Rosters across the National Women’s Hockey League look a little different this season.
With several players defecting as a part of the Professional Women’s Hockey Players Association, there’s a large group of rookies who will get their first looks across the league. Even teams that return talent have new players who have earned spots.
Minnesota remains the cream of the crop, while the rest of the league is full of wild cards.
It could be another tough go of it in New Jersey this season.
Defending their Isobel Cup championship last season didn’t go exactly as planned for the Riveters, either. They have a new coaching staff, but like everyone they were hit hard by losses, including Amanda Kessel.
Kendall Cornine will be looked upon to be an offensive leader, along with captain Madison Packer. Nearly their entire defense turns over, aside from Rebecca Morse, and Sam Walther is the new starter in net after appearing in five games with the Connecticut Whale last season.
The Riveters also have a new rink in Monmouth Junction, and their partnership with the New Jersey Devils of the NHL was cut short, so it’s a season of turnover all around.
Perennially at the bottom of the league standings, the Whale would like to put a 2-12-2 season behind them. They bring back a core of Shannon Doyle, Elena Orlando and Jordan Brickner, who have been there for almost everything, and that’s as good as any other returning player group in the league. Losing Emily Fluke to Boston, though, might be one of the toughest offensive blows in the league.
Sonjia Shelly is the likely to take over in net for Meeri Raisanen, who signed in Sweden in the offseason. Shelly had a 2.16 goals against average a year ago at St. Lawrence. Goaltending has always been Connecticut’s strength, even when it has struggled to score or get going in other areas historically.
Former NHL enforcer Colton Orr takes over as head coach, where his goal will be to bring the Whale out of the basement. Given the loss of talent across the board in the league, it might be feasible.
The defending champs return some of their core, but like everyone else, lost key pieces. A total of 12 players are gone, including Kendall Coyne Schofield and Lee Stecklein.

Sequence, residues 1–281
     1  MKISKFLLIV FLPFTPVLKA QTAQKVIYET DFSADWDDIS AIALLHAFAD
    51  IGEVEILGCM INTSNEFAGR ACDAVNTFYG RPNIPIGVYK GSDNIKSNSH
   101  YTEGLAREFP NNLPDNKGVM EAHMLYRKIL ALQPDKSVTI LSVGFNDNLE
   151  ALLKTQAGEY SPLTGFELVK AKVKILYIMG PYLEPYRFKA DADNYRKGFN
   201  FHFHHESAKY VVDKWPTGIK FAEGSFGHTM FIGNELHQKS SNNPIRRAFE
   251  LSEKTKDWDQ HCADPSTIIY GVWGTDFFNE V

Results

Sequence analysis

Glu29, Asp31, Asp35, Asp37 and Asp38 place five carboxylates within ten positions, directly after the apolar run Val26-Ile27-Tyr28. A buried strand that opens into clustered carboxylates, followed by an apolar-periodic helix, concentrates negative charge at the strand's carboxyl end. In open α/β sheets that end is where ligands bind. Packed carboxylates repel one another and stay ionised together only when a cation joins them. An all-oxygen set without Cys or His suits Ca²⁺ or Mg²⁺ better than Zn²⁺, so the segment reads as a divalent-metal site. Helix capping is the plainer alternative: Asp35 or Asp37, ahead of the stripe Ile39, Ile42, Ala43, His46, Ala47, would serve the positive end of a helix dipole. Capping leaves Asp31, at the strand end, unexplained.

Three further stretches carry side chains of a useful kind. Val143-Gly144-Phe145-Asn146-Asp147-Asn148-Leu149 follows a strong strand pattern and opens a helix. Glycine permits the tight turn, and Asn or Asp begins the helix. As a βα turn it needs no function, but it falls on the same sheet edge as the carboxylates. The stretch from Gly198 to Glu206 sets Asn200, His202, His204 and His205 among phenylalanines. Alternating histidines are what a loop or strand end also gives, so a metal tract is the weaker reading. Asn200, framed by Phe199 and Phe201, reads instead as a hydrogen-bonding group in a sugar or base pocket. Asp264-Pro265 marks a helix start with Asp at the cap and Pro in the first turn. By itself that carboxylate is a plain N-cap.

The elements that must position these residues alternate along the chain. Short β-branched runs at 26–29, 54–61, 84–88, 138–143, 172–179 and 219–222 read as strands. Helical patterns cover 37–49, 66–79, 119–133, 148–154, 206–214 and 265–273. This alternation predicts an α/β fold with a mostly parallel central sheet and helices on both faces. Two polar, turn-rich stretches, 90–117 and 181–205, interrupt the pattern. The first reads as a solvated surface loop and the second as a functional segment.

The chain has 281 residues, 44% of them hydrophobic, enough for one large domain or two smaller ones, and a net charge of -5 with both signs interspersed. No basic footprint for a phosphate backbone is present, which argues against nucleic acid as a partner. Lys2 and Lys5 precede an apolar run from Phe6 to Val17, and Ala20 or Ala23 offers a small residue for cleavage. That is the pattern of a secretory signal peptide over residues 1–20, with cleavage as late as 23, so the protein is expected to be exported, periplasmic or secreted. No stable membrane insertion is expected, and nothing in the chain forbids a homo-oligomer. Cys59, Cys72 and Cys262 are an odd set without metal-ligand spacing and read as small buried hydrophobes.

Those aren’t easy players to replace. Minnesota won the title a year ago for a reason, and a lot of the team’s core is gone now. Audra Richards and Nina Rodgers are solid additions added through free agency who can help move the offense.
It’s not as bad as some teams; Buffalo was hit hard, and didn’t add many replacements. Minnesota at least has superstar Jonna Curtis returning, with an experienced goalie in Amanda Levielle and Amanda Boulier still leading the blue line.
The Beauts may have been hit hardest by the PWHPA defection. Gone are Hayley Scamurra, Maddie Elia, Blake Bolden, Kelly Babstock, Savannah Harmon, Shannon Szabados, and Nicole Hensley.
That’s not an insignificant group. Elia broke out a year ago, as did Scamurra, and Szabados and Hensley are both Olympic-level goalies. They’ll try to replace that goaltending production with former CWHL goalie Mariah Fujimagari, who faced a plethora of shots a year ago with the struggling Worcester Blades.
Just having a better defense in front of her will help, but it’s not going to be an easy path for the Beauts to get back to their fourth straight title game. Corinne Buie returns as a veteran forward, and she’ll carry a lot of the load there. Taylor Accursi is back as well, and have a larger role.
The defense is far from complete, but UNH graduate Marie-Jo Pelletier is someone to watch on the blue line in her rookie season.